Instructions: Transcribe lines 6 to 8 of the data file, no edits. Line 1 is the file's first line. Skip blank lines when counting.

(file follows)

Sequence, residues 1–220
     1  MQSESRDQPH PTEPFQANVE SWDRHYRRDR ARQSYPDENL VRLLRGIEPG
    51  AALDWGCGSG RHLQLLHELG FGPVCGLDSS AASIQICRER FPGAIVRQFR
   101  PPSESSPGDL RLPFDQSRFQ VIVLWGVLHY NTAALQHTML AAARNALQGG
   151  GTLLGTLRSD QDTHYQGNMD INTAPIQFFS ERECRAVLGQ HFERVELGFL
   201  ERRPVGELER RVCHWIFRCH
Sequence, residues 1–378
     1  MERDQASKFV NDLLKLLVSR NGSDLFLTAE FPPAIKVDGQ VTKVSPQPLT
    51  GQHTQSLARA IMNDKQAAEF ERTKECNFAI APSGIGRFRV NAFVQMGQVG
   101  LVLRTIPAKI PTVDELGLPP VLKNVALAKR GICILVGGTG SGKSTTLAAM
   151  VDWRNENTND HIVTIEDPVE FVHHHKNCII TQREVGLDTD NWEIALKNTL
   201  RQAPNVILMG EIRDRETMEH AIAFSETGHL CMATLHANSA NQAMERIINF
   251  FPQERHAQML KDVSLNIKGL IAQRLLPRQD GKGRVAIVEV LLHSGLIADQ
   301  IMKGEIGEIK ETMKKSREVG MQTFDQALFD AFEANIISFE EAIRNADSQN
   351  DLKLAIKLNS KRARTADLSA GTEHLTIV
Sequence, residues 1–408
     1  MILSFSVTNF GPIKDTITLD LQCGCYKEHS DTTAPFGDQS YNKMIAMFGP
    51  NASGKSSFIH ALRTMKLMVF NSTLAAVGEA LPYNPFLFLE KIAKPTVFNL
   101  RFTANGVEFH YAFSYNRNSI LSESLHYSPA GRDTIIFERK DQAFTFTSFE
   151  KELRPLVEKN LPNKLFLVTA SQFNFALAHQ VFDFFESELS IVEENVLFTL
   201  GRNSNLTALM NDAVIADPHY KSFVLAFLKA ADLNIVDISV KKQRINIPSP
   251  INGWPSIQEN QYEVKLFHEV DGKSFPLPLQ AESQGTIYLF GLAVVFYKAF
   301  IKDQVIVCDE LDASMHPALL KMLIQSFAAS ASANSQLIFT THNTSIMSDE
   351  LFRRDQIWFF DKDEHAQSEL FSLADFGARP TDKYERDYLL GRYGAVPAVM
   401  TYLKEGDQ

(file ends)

   201  ERRPVGELER RVCHWIFRCH
Sequence, residues 1–378
     1  MERDQASKFV NDLLKLLVSR NGSDLFLTAE FPPAIKVDGQ VTKVSPQPLT